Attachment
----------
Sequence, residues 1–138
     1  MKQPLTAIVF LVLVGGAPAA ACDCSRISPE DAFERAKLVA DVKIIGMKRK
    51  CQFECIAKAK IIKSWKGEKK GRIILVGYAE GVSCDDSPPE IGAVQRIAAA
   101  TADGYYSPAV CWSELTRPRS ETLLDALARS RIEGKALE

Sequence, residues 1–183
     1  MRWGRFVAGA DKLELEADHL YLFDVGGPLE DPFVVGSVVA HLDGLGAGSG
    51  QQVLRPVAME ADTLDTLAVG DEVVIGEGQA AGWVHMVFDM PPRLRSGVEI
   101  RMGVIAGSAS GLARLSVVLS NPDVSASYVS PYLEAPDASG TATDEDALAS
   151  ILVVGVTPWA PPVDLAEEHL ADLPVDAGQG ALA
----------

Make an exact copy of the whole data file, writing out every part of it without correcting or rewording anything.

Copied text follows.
Sequence, residues 1–138
     1  MKQPLTAIVF LVLVGGAPAA ACDCSRISPE DAFERAKLVA DVKIIGMKRK
    51  CQFECIAKAK IIKSWKGEKK GRIILVGYAE GVSCDDSPPE IGAVQRIAAA
   101  TADGYYSPAV CWSELTRPRS ETLLDALARS RIEGKALE

Sequence, residues 1–183
     1  MRWGRFVAGA DKLELEADHL YLFDVGGPLE DPFVVGSVVA HLDGLGAGSG
    51  QQVLRPVAME ADTLDTLAVG DEVVIGEGQA AGWVHMVFDM PPRLRSGVEI
   101  RMGVIAGSAS GLARLSVVLS NPDVSASYVS PYLEAPDASG TATDEDALAS
   151  ILVVGVTPWA PPVDLAEEHL ADLPVDAGQG ALA